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An Antidote to Smug Liberalism

Jack Hunter's clever Oct. 10 column ("Nothing Conservative about Iraq") maintains that being antiwar historically has been a Republican and conservative value. It brings to mind Bob Dole's famous grumbling about the "Democrat wars" of the 20th century. Like Dole, Hunter points out that American involvement in World Wars I and II, Korea, and Vietnam came about under Democratic presidents — Wilson, FDR, Truman, Kennedy, Johnson. Hunter maintains that George W. Bush's preemptive war against Iraq is inconsistent with traditional Republican and conservative values. There certainly is historical truth in all of that. (I suppose Hunter does not consider Republican conservative Reagan's invasion of Grenada a "real" war.) Along those lines, he could also have mentioned that Republican candidate Eisenhower won the presidency by promising to end the Korean conflict.

In pursuing his point, Hunter omits mention that America's left-of-center also has an honorable history of anti-war sentiment. Socialist Eugene Debs, frequent candidate for president, was jailed for his opposition to American involvement in World War I. Jeannette Rankin, progressive Republican feminist Congresswoman from Montana, had the distinction of voting against resolutions to involve the U.S. in both World Wars I and II; Rankin also was a leading opponent of the Vietnam War, along with Martin Luther King, Eugene McCarthy and other prominent liberals. Students for a Democratic Society and other "hippy" groups led protests against the war. Democratic politician John Kerry, after serving with distinction in Vietnam, joined the opposition. Democratic politico Bill Clinton was anti-war and evaded the draft, along with other liberals. (Republicans Dan Quayle, George W. Bush, and Dick Cheney also evaded Vietnam service, but not because of passivist ideals.)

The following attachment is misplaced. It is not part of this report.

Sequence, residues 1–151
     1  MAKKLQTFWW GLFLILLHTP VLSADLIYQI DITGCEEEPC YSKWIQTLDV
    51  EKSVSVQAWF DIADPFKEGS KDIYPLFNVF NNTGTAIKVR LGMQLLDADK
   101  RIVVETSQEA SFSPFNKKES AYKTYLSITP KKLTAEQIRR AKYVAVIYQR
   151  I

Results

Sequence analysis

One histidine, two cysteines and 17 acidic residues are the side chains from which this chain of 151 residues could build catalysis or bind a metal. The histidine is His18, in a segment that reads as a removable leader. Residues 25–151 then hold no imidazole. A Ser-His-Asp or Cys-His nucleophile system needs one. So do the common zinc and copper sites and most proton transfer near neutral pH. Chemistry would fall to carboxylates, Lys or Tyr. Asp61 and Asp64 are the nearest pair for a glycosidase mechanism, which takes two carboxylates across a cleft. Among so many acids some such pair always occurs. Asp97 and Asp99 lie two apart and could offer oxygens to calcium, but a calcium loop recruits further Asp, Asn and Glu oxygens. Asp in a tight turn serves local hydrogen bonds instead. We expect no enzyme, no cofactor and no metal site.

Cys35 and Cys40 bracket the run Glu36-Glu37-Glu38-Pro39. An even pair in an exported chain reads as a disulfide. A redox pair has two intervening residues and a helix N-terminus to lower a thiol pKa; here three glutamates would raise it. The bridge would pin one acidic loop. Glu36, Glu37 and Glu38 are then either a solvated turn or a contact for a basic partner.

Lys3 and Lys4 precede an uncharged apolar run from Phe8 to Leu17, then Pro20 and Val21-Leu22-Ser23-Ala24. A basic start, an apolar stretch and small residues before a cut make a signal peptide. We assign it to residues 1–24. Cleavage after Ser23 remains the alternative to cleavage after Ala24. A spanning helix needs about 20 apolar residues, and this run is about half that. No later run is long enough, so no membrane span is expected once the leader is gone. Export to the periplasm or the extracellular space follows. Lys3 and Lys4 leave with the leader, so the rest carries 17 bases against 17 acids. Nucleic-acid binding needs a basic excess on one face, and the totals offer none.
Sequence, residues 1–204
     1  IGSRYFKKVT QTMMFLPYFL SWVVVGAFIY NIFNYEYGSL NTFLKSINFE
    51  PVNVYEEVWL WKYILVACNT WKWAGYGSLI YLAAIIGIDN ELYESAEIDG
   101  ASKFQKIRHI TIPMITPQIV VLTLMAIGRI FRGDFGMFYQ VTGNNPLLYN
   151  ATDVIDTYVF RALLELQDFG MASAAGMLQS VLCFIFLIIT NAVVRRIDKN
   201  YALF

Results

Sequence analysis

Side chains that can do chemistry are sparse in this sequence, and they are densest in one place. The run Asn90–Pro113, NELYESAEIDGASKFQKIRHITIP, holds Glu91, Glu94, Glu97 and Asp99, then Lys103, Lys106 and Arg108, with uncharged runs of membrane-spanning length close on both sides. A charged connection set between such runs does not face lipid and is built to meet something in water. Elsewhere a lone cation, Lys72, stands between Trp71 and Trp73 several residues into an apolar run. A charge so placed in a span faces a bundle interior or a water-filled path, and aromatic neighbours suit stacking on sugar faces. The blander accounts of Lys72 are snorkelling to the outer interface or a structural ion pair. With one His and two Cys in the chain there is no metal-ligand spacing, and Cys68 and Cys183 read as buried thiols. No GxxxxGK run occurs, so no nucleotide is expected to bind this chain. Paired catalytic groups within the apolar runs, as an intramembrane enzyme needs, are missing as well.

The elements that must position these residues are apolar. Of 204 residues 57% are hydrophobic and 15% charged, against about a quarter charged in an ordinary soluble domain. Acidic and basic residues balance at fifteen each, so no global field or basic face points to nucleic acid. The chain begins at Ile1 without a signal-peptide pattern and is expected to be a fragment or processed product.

Coming from a Southern family with a centuries-old tradition of patriotic service, I went without question to Vietnam. However, in retrospect I believe the Vietnam War was a huge mistake. Iraq, I am afraid, is our second Vietnam.

Robert P. Stockton
Charleston

The Case for the World Court

Jack Hunter's column this week states, "But if there is one dominant argument amongst those who do fear the loss of sovereignty, it is this: One day, foreign courts and institutions might have more authority over American citizens than the U.S. government or our state governments. With his position on the Medellin case, our president has proven them right" ("National Sovereignty and Our Nutjob President," Oct. 24).

Oh, right. Somewhere along the way, I failed to note that Jose Medellin had become a U.S. citizen. What, he hasn't? Then the last sentence is a non sequitur.

The United Nation's International Court of Justice ruled he deserves a new trial. If Mr. Medellin was a U.S. citizen, we would rightly complain about loss of our sovereignty. But he isn't. If we don't follow the decisions of the World Court on any case which we disagree, then other countries will feel (rightly) that they don't have to enforce the court's decision on cases we favor. In other words, the World Court would cease to exist.

Irving S. Rosenfeld
James Island

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